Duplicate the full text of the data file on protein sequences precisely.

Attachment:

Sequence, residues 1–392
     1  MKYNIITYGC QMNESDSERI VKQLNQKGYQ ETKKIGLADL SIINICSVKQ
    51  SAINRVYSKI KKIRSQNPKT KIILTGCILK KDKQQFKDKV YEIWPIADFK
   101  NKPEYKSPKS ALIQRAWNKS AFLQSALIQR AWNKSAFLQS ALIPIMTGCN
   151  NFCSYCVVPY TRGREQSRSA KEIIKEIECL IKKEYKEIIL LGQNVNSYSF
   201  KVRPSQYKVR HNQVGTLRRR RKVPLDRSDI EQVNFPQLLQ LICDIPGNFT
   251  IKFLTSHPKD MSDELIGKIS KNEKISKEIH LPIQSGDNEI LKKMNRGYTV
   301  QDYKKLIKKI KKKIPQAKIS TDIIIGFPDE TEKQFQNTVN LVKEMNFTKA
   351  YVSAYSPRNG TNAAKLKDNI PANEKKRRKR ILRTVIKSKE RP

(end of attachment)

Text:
Sequence, residues 1–392
     1  MKYNIITYGC QMNESDSERI VKQLNQKGYQ ETKKIGLADL SIINICSVKQ
    51  SAINRVYSKI KKIRSQNPKT KIILTGCILK KDKQQFKDKV YEIWPIADFK
   101  NKPEYKSPKS ALIQRAWNKS AFLQSALIQR AWNKSAFLQS ALIPIMTGCN
   151  NFCSYCVVPY TRGREQSRSA KEIIKEIECL IKKEYKEIIL LGQNVNSYSF
   201  KVRPSQYKVR HNQVGTLRRR RKVPLDRSDI EQVNFPQLLQ LICDIPGNFT
   251  IKFLTSHPKD MSDELIGKIS KNEKISKEIH LPIQSGDNEI LKKMNRGYTV
   301  QDYKKLIKKI KKKIPQAKIS TDIIIGFPDE TEKQFQNTVN LVKEMNFTKA
   351  YVSAYSPRNG TNAAKLKDNI PANEKKRRKR ILRTVIKSKE RP